Critics of the new ONI architecture argue that intelligence assessment — so integral to the culture of the old ONA — is likely to take a back seat to the role of coordinating the NIC. The risk is that the ONA’s traditional priority of providing independent strategic intelligence assessments to government will be subsumed by the increased demands for current intelligence briefings as well as by its extensive new oversight tasks. Some also believe a hugely enlarged co-ordination function will be an unnecessary encumbrance for an intelligence community that is already more intertwined and collegiate than at any time in its history.
But the seamless integration of our intelligence agencies into a genuinely national enterprise also could be threatened by a new behemoth. The Department of Home Affairs, which has 23,500 staff and a $3bn-plus budget, spans a vast range of agencies and activities, from refugee policy and counter-terrorism co-ordination to cybercrime and customs and border protection. It is a very wide brief. About 40 per cent of the enlarged NIC falls under the Home Affairs umbrella, including ASIO. The secretary, the hard-driving, ambitious Michael Pezzullo, together with his ambitious portfolio minister, Peter Dutton, will exert a significant influence on the department’s agencies, including assigning spending priorities.
Pezzullo’s greatly enlarged domain will intersect in several key areas with Warner’s new co-ordination role as Australia’s intelligence supremo. Home Affairs has responsibility for counter-terrorism, cyber-security policy and counter-foreign interference. The sheer size of the portfolio and its newly joined intelligence agencies could drive a competition with the ONI for paramount influence within the NIC. Much will depend on harmonious working relations between the secretary of Home Affairs and the director-general of the ONI.
The final piece in the Coalition’s intelligence restructure — notably, also not a recommendation of last year’s review — was the shift of ASIO from the at- torney-general’s domain to Home Affairs. Before he received the review’s findings, Turnbull had been persuaded by Dutton and Pezzullo of the merits of bringing the various domestic security agencies into one portfolio, along the lines of British Home Office.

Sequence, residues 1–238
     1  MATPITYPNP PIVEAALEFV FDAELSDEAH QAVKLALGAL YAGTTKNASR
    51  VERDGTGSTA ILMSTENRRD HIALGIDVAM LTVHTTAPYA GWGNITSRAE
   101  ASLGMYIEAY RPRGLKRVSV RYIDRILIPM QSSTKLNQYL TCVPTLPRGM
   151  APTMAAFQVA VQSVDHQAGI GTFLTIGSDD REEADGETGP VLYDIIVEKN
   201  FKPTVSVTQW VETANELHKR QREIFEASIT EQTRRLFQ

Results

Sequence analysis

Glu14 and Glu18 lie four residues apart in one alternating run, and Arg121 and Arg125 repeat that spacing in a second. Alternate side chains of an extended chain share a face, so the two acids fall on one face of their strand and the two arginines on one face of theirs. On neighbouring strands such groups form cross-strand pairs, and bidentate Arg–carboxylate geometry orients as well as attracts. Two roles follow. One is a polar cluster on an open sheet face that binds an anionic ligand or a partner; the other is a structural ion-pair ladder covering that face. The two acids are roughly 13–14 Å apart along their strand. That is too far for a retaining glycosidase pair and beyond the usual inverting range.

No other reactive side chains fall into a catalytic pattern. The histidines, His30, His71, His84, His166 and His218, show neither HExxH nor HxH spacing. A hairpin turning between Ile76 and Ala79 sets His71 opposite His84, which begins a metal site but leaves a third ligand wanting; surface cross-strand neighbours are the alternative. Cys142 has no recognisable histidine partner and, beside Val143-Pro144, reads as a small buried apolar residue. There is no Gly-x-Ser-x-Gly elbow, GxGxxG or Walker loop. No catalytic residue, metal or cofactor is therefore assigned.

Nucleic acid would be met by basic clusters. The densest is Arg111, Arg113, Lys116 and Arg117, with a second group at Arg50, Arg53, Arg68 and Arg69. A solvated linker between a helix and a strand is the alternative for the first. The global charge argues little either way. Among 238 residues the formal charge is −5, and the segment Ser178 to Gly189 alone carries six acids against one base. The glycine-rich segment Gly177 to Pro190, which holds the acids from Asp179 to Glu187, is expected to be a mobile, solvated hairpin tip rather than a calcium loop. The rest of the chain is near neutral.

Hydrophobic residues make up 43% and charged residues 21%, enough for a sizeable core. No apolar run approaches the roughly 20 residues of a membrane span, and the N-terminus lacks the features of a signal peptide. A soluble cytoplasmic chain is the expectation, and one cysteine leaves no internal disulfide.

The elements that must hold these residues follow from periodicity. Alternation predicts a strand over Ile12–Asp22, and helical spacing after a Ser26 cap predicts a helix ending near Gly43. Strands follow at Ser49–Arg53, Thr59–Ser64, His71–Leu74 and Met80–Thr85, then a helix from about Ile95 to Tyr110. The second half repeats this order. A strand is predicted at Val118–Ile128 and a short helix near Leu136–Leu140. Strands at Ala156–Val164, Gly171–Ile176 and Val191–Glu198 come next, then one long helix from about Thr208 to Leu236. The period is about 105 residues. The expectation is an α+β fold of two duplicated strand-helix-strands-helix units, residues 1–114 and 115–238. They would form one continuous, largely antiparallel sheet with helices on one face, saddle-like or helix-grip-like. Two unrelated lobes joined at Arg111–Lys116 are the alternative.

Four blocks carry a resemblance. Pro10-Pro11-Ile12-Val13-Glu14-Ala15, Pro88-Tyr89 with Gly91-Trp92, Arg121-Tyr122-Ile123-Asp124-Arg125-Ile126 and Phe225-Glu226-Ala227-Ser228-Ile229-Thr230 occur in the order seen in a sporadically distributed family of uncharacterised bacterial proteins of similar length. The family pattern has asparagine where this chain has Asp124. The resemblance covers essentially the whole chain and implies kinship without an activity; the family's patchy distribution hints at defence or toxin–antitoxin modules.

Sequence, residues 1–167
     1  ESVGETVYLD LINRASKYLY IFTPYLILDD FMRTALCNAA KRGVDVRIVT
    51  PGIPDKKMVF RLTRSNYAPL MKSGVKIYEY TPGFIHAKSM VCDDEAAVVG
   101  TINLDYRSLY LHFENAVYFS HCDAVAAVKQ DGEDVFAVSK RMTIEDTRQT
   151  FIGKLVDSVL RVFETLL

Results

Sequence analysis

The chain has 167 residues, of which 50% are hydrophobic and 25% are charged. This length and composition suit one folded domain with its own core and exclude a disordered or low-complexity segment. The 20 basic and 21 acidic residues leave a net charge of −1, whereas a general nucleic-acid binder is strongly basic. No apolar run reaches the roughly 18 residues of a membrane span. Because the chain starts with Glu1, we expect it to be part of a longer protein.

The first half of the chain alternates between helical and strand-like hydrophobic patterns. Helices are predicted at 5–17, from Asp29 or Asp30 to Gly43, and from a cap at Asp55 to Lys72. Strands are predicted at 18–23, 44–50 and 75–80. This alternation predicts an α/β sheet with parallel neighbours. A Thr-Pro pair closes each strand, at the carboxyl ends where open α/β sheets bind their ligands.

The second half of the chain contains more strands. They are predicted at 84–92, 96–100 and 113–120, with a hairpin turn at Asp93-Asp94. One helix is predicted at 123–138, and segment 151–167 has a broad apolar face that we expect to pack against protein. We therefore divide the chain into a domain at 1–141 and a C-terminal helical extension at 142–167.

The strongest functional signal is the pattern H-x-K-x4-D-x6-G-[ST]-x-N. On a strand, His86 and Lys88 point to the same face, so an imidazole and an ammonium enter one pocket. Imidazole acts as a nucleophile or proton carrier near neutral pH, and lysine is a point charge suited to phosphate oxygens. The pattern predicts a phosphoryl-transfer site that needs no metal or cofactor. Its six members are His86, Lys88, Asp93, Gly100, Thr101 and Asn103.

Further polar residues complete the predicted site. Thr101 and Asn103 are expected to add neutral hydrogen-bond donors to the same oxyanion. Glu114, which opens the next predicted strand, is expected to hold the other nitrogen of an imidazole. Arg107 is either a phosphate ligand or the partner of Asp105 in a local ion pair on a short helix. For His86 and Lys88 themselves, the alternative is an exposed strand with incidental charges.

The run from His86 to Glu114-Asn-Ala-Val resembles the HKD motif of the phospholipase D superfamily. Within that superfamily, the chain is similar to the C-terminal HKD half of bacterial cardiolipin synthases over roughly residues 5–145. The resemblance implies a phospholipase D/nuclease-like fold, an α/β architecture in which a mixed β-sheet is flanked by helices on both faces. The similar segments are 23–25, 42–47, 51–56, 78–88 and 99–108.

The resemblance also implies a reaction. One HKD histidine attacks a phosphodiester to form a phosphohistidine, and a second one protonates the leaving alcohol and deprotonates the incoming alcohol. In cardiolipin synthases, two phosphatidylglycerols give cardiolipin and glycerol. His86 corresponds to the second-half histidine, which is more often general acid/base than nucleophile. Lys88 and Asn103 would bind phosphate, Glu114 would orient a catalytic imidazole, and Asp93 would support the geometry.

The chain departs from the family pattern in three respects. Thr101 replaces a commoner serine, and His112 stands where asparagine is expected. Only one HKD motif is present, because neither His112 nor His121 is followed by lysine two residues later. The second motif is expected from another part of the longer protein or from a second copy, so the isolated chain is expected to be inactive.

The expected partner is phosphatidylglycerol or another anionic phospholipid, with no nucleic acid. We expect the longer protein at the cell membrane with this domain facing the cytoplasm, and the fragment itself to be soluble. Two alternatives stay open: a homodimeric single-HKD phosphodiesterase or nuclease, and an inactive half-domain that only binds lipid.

Since ASIO was formed, soon after World War II, amid fears about KGB spying in Australia, it has resided in the attorney-general’s portfolio. Like the ONA, it is a statutory authority, with the independence of its intelligence assessments guaranteed under the Australian Security Intelligence Organisation Act 1979. But the move to the Home Affairs portfolio may well produce divided loyalties and constrain the freedom of manoeuvre ASIO has traditionally enjoyed.
Of the six original AIC organisations, ASIO has undergone the most profound change since the turn of the century and the advent of the global terrorism threat. It remains the only Australian intelligence agency that performs both collection and assessment functions. At the end of the Cold War, it was downsized, derided and affected by poor morale. Now comfortably ensconced in its lavish headquarters across Lake Burley Griffin from the High Court, ASIO is riding high and will celebrate its 70th birthday next year. It now has a lot more people (about 2000), a lot more money (the annual budget tops $500m), far more sophisticated technology and much greater international reach.